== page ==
- Making a strong law that could be implemented by Jones and EPA was a high priority, and Jones’ role was “absolutely indispensable,” according to Udall who also stated, “[t]he one thing we wanted to make sure we did is not to produce a law that wasn’t going to work for [Jones] and his folks over at EPA.” In answer, Jones stated that EPA Staff were “excited about implementation,” and have “hit the ground running.” The law is strong, has great potential for serious reform and applicability, and is “an elegantly written, balanced and entirely implementable law that will make the world a better place,” according to Bergeson.
- In terms of cooperation and momentum, finding champions with endurance, and rewarding that support with some compromise on bill provisions created the recipe for success. As Udall stated “[y]ou need to find champions on your environmental bills that also have political will,” who are “will to do more than just introduce a bill. They need to deal with every stakeholder.” Denison followed with “to move the bill through the legislative process – to get people to engage, to make changes in exchange for their support, and broaden that” was the only way to get the bill passed, and these actions were “not only to build support, but to sustain momentum over more than one Congress to ultimately get it done.”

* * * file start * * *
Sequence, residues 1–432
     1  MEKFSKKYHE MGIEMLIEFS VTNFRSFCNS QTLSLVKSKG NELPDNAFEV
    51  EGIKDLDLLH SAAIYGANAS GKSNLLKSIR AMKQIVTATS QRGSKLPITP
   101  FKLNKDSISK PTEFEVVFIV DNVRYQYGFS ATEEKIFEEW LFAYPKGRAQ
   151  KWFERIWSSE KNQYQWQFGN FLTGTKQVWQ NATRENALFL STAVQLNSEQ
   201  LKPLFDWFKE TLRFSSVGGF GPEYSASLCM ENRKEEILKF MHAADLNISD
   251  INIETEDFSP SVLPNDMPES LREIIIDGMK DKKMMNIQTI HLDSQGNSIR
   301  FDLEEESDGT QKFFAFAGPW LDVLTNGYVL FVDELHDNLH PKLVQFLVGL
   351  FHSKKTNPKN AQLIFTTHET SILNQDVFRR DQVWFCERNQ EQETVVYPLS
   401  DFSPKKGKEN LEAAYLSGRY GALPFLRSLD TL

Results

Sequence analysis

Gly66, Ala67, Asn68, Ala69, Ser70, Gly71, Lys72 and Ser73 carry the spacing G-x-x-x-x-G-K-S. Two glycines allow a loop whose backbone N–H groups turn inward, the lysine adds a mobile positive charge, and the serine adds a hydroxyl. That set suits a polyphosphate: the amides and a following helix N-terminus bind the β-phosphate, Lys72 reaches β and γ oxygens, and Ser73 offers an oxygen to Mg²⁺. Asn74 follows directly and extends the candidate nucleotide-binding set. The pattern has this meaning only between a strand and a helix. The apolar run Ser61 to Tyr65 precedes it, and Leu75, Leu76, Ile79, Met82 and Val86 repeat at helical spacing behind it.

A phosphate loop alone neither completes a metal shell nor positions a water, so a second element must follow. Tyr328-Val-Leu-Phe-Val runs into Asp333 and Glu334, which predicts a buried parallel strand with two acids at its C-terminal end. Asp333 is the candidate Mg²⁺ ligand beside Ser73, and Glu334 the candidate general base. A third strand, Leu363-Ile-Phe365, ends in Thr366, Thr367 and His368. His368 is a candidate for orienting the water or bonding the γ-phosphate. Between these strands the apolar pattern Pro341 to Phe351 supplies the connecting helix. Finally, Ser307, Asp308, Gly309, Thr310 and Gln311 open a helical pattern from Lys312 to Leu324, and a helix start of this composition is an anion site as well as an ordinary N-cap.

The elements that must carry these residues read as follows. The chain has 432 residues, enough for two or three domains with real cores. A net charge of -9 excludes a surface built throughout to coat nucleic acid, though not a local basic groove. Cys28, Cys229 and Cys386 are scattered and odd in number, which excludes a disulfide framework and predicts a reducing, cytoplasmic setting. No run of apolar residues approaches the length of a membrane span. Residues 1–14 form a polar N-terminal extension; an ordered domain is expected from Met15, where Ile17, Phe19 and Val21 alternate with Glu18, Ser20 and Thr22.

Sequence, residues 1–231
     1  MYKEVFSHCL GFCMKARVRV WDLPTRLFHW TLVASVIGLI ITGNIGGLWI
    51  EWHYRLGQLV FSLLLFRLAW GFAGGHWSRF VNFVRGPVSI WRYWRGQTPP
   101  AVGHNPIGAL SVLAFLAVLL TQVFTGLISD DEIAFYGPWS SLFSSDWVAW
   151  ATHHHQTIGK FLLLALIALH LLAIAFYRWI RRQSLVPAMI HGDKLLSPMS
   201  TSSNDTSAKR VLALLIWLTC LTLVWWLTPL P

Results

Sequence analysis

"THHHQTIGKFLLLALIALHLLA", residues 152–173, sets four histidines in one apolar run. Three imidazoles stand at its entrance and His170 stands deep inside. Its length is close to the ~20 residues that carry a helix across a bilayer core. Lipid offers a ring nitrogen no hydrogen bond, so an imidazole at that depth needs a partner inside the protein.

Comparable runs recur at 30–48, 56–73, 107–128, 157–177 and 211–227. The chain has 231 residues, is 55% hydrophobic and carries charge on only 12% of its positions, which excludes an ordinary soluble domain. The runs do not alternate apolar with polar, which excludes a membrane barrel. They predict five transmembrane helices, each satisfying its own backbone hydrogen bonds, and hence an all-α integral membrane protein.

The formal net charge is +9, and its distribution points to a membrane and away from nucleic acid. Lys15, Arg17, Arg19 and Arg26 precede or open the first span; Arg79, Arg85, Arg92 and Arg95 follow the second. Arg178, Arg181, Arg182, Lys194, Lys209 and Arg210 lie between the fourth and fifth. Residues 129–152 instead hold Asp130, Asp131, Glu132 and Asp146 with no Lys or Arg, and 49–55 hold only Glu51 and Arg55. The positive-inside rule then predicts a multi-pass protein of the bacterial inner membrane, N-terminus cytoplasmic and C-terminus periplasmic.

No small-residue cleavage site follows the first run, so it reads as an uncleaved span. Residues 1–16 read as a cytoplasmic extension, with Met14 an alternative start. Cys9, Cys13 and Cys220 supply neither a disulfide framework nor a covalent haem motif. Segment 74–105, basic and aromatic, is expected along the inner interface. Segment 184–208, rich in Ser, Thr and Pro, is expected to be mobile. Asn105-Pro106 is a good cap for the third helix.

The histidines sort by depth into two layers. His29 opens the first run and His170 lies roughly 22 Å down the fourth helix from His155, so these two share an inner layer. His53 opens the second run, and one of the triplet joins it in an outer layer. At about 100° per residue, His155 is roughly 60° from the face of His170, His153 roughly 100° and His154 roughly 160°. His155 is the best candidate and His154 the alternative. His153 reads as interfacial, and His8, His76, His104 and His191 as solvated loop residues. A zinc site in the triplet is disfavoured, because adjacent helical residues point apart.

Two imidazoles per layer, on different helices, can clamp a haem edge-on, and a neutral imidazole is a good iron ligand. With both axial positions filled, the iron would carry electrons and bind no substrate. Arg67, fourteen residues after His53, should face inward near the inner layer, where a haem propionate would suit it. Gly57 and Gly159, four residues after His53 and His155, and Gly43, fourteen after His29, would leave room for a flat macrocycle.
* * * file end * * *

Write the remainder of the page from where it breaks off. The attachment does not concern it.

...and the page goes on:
More information on the event can be found in the Environment & Energy Daily article “Architects of TSCA Compromise See Hope for Polarized Congress” available online, through paid subscription. A video recording of the event and other materials from the event are available to ELI Associates on ELI’s website. ELI Associates must login to see the materials. A full analysis of Lautenberg is available in the B&C memorandum An Analysis of Key Provisions and Fundamental Shifts in the Amended TSCA.